All industrial facilities use some form of compressed air, and in most, the air compressors consume a significant amount of the total energy bill. A facility with a good energy management system is likely to identify their compressed air system as a significant energy user (SEU). If the facility were using an energy management standard, such as ISO 50001, they would be required to assess and track the energy consumption of all their SEU’s. In the case of the metal processing facility, they were measuring the output of more than 250 devices within the plant, including building heaters, RTU’s, dust collectors, and also tracking the consumption of their electricity, natural gas and water.
As part of its ongoing corporate initiative to find ways to reduce its energy bills, and the costly impact on the bottom line, a cleaning products plant, located southwest of Chicago, recently focused on improving their compressed air system operation. This company is a global leader in water, hygiene and infection prevention solutions and services. This article discussed their efforts to improve the operation of their compressed air system by implementing an innovative compressed air monitoring and control system.
In most industrial plants, data is everywhere. It resides in flow through pipes, pressure in tanks, vibration on rotating equipment, temperatures in heat exchangers, and electrical energy power consumption in motors. If we can acquire this data and make sense out of the patterns we can take actions to make our plants more efficient and reliable.
To address a mandate for cutting operations energy usage at facilities by 25 percent without major capital expenditures, a major manufacturing company set its sites on better control of its compressed air systems. The project, implemented at 10 manufacturing plants over the course of three years, saves the company \$977,093 annually in energy costs – and was completed with zero out-of-pocket costs.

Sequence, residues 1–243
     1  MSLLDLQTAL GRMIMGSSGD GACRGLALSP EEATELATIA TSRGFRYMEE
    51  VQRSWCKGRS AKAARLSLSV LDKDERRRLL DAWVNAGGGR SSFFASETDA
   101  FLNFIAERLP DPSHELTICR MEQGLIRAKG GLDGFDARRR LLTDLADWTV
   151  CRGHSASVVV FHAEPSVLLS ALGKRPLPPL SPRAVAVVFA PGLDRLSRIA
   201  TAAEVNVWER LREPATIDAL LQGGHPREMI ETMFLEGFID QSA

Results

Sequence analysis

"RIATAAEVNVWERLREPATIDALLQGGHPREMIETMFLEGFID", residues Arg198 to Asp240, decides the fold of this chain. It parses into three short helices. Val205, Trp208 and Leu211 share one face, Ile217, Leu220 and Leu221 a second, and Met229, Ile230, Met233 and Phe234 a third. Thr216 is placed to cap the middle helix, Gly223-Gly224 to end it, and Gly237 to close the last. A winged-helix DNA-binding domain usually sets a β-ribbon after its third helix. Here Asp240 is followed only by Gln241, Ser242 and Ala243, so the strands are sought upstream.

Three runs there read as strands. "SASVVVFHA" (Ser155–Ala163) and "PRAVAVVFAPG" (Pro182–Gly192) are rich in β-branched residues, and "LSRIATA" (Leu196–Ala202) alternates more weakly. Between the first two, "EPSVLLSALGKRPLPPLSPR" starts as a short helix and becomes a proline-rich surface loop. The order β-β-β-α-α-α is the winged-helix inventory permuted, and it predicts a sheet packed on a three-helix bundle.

By finding a better way to control and manage its compressed air system, North American Lighting, Paris, Ill., has reduced its total compressed air energy use by 27 percent – and in the process – saves over 1,100,000 kWh/year for a total annual savings of \$91,000. The project also achieved a payback of less than one year.
A food processor in Western Canada hired an auditor to assess the energy efficiency of its compressed air system. The results revealed surprises about the operation of some important elements of the system, and detected that the air compressors were having control gap problems. Additionally, the audit led to initial energy savings of \$20,000 – and identified the potential to achieve overall operational savings of 45%. The following details some of the audit findings and results.
The University of Manitoba Bannatyne Campus, Canada, upgraded its compressed air system to include variable speed drive (VSD) air compressors and the use of internal heat-of-compression (HOC) drying, replacing oil-free air compressors and refrigerated dryers that reached the end of useful life. In doing so, the campus reduced annual energy consumption by 15%, improved the quality of the compressed air to modern day instrument air standards and gained additional compressed-air capacity. The local utility also awarded the medical campus an incentive of \$13,500, offsetting the cost of the initiative.
As many well know, system measurement is essential to ensuring a compressed air system is running efficiently and effectively, with good air quality and adequate pressure. This is also well understood by a multi-national food company (name has been withheld to protect the innocent) who started a focused effort to measure and improve their compressed air systems in their many processing plants worldwide.
Chicago Heights Steel, Chicago Heights, Ill., leveraged an advanced data monitoring system and adopted a demand-based compressor air management approach to save 2.5 million kWh and \$215,037 per year in energy costs. With an incentive of \$188, 714 from local utility ComEd, the project delivered a payback of 2.4 months.
As energy costs continue to rise it becomes increasingly important for industrial operations to reduce waste and inefficiencies wherever possible. It’s why an innovative company known as Lightapp has developed an intelligent resource management software platform to help manufacturers and other industrial users reduce energy consumption and save costs in the process.
This article is going to identify two air compressor control situations that will preclude translating air use reduction in the production area into lower input energy into the air compressor.